We know that God is just and merciful, and no one ever receives a punishment greater than they deserve, including the Canaanite children.[22]

Time-specific, People-specific, Divine Judgment, Long-delayed

Whether or not the language was hyperbolic, and whether or not any women or children were killed, it’s critical to understand that the Conquest of Canaan was: 

1. time-specific. It was not a standing order for Israelites or Christians. 

2. people-specific. Only the very most wicked of peoples on earth were killed. 

3. divine judgment. God is the creator as well as the judge, and he has every right and authority to take people from this life. Here he removed the most wicked of people. 

4. long-delayed. The Canaanites were given 400 years to repent. 

5. accompanied by miraculous evidence of who God is. Specifically, the Canaanites knew that God had parted the Red Sea to rescue them from slavery in Egypt and that he had given them victory over much stronger armies. 

6. God’s intervention to use evil for good. He rightfully punished the atrocities of the Canaanites to establish Israel in the land so they may be a blessing to all people.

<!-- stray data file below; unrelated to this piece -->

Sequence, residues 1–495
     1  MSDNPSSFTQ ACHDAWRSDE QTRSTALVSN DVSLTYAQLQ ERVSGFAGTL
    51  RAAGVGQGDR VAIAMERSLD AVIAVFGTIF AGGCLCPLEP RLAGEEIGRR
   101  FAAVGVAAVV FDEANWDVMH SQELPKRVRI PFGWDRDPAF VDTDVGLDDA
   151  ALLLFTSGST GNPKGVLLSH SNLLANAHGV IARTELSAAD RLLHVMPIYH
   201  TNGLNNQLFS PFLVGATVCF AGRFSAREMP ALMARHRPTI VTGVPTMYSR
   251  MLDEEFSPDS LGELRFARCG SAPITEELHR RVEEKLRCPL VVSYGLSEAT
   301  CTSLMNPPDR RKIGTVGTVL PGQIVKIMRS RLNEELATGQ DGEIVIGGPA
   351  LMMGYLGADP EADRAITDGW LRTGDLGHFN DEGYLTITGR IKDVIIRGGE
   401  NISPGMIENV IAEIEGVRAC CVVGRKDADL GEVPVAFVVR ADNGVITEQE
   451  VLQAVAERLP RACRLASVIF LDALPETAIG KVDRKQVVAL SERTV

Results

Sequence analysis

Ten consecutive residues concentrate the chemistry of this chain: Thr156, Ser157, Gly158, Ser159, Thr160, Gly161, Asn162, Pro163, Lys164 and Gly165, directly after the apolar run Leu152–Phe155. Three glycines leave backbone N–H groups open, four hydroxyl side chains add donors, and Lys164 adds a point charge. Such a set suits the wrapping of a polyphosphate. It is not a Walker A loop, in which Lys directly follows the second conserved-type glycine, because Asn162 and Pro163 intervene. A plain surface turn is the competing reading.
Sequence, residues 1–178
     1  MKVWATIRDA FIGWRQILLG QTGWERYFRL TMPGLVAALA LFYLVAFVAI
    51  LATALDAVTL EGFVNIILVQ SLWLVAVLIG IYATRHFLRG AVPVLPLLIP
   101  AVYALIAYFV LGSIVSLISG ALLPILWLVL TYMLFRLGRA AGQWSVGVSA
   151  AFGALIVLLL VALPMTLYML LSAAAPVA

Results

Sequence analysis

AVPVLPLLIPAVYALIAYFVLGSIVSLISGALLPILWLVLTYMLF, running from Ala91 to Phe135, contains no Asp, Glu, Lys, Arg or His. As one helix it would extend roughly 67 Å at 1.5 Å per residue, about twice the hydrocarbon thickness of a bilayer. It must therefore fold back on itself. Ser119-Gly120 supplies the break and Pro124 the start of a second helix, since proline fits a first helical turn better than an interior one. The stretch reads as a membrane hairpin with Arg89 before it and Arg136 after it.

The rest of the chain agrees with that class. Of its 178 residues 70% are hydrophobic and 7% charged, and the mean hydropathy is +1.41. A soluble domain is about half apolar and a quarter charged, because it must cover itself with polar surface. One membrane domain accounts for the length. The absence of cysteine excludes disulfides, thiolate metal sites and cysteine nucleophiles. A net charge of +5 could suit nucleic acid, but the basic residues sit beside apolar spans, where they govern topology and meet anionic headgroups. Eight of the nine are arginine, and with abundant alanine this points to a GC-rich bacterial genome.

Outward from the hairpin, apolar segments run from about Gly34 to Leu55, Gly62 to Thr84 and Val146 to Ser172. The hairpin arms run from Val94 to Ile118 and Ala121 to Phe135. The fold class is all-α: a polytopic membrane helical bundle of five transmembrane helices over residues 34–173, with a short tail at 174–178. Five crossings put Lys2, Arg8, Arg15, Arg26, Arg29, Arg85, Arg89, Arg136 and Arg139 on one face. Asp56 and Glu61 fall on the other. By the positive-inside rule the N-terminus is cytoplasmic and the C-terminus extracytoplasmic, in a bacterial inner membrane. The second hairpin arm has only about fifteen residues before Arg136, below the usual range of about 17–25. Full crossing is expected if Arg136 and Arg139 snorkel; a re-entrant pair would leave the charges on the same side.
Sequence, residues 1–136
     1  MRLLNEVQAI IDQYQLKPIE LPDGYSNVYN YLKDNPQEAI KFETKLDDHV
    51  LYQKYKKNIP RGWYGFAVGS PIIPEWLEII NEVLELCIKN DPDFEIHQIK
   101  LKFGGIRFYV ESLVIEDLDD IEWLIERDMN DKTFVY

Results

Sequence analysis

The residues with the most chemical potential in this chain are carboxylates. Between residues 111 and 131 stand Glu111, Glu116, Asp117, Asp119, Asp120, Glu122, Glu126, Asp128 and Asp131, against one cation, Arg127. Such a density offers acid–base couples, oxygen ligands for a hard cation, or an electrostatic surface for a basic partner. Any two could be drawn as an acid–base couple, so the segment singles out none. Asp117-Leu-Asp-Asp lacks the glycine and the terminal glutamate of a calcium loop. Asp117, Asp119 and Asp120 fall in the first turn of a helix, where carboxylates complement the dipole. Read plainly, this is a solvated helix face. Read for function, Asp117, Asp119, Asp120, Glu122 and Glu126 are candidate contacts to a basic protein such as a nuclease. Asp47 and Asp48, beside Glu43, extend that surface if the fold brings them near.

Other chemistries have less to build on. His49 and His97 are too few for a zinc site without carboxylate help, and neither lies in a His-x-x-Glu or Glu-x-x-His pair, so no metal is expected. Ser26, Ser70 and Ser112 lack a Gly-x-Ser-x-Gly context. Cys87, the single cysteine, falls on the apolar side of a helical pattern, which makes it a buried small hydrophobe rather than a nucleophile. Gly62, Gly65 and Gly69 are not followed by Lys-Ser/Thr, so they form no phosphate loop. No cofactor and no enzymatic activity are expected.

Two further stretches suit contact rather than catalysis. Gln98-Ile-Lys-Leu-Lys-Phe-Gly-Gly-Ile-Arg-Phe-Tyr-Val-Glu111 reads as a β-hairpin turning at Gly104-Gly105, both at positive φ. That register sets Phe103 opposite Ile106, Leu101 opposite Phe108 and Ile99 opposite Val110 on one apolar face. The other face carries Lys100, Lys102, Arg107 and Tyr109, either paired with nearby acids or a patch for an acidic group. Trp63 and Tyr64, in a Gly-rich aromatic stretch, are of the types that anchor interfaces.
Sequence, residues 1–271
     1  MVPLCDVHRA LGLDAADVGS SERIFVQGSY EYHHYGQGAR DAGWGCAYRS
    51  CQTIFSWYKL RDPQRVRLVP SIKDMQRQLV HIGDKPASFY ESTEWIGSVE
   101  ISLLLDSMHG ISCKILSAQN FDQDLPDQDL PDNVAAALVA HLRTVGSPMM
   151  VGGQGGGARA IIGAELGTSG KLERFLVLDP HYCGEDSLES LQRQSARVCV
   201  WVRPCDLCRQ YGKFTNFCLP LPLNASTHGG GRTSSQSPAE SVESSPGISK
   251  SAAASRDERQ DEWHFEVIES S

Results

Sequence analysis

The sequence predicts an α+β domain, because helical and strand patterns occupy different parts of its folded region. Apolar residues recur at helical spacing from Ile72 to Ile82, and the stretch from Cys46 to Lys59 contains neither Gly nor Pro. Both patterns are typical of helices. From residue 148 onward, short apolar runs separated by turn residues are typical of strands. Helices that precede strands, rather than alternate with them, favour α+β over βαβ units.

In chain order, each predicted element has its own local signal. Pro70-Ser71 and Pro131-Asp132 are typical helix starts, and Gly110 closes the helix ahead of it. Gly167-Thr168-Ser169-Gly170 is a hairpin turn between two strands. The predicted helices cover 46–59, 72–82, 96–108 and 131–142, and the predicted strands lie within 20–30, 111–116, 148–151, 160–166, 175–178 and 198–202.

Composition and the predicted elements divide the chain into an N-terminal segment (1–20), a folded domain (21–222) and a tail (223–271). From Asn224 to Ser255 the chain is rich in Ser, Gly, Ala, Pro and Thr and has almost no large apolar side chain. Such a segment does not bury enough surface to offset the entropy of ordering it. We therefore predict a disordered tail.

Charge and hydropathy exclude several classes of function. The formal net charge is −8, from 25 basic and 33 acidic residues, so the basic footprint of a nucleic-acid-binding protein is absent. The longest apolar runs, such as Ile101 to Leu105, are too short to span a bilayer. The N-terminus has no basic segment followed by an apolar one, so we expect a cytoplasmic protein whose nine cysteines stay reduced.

God’s Grace Revealed in Christ

But that’s not the end of the story. Later, God the Son would come to earth himself as a man, not to punish us as we all deserve, but to provide a way for even the greatest of sinners to be spared. He lived a sinless life,[23] encouraging his followers to love and serve one another,[24] and to love even our enemies.[25] Then he endured the wrath of God while hanging on a cross,[26] bleeding and suffocating to death, to pay for our sins,[27] forgiving those who tortured him, and overcoming the power and finality of death for us,[28] even though he is the King of kings and we are the scum of the earth.[29] And now he offers to exchange our sin for his righteousness, that we may live in eternal glory with him forever! 

The Lesson of Canaan: God is Just

We learn about different aspects of God’s character through different accounts recorded in the Scriptures. Many accounts teach us of God’s love, his forgiveness, and his mercy. The lesson of Canaan is that God is just, and he will not allow evil to go unpunished forever. He is slow to anger, but eventually, the opportunity to repent ends and God’s justice prevails. Therefore, the best time to repent and turn to him is now.